It involves being in touch with our feelings, our beliefs; feeling the fear, and doing it anyway. It isn't easy; nothing worthwhile ever is. It involves laying our comfortable lives on the line, being awake to the many injustices in our society, in our daily lives, and daring greatly. Taking a deep breath and being seen. Because it's worth it. Because we are worth it. It's about saying "yes" to life.

But ... sometimes, just sometimes, courage can also be about saying "no". Just this week, I was invited to take on another role in our Unitarian movement nationally. My first instinct was to say "yes", particularly as the person doing the asking was somebody I like and respect very much.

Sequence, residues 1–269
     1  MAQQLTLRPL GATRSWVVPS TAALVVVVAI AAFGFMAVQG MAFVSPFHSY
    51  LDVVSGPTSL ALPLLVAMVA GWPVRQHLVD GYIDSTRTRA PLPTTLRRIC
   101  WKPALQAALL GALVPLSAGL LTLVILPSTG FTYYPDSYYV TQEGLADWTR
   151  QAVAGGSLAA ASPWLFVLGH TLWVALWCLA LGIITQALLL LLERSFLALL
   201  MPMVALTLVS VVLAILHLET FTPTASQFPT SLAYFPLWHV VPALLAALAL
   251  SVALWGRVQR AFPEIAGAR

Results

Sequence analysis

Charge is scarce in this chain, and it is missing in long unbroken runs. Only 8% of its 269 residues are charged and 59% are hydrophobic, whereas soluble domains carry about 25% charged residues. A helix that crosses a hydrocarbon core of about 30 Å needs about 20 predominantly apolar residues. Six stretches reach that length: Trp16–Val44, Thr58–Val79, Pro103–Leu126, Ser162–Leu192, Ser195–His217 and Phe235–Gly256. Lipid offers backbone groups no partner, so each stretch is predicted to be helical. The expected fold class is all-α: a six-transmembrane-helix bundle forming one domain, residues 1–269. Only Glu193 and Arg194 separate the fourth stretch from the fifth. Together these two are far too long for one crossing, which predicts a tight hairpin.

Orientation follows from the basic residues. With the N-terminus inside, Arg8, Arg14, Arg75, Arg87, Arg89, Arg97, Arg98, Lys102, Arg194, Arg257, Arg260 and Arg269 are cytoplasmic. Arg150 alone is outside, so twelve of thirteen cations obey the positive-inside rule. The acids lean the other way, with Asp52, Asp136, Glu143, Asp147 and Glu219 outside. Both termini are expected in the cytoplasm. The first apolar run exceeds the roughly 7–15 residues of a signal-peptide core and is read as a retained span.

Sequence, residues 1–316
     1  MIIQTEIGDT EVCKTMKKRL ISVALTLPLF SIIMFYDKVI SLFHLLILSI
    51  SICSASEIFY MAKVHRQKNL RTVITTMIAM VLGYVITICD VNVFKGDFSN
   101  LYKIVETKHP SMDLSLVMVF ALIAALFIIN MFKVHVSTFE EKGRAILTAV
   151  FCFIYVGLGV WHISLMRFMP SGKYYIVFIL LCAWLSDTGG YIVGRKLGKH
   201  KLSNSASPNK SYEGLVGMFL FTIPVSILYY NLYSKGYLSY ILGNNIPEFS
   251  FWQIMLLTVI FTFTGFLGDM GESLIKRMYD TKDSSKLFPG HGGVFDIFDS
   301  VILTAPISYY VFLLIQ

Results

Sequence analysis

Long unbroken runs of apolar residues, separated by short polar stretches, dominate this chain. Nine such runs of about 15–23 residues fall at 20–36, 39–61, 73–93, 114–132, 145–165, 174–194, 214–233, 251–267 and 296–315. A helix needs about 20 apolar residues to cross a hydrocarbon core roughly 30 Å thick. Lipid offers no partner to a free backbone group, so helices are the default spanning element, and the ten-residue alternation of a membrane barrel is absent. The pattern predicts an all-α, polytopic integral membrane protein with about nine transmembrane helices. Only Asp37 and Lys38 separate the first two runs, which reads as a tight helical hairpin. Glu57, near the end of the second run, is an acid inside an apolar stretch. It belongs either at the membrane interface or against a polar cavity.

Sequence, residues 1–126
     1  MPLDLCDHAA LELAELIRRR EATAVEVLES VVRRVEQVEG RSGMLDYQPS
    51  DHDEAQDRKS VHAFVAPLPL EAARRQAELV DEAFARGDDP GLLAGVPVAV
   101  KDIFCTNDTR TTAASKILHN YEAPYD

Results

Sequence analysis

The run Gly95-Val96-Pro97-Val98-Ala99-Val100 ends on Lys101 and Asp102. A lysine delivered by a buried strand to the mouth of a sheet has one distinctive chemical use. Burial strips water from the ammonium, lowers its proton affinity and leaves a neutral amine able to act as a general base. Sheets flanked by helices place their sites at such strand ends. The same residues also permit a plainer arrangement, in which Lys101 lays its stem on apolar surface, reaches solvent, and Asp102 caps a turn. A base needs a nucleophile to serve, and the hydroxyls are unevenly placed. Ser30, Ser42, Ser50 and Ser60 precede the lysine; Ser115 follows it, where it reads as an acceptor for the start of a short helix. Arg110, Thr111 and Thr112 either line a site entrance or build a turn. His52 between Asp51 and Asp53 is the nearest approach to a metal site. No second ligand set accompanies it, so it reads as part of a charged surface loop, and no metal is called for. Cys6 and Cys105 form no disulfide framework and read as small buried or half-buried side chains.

But a little voice in the back of my head was saying "Hang on a minute, let's think about this." And I did start to think about the many calls on my time, both paid and unpaid. My ministry, my work for the Worship Studies Course, and my spiritual direction and training, not to mention this blog! And also the fact that I have a body and a spirit and a marriage, all of which need nourishing.

So I said "No, I'm so sorry; I can't commit to anything else." It took a lot of courage, as I hate disappointing people. But it was the right thing to do, for me, at this time. And I know that if I had said "yes", I would have ended up feeling depeleted and resentful, which would have done no-one any good.

How will you show courage, in the weeks and months ahead?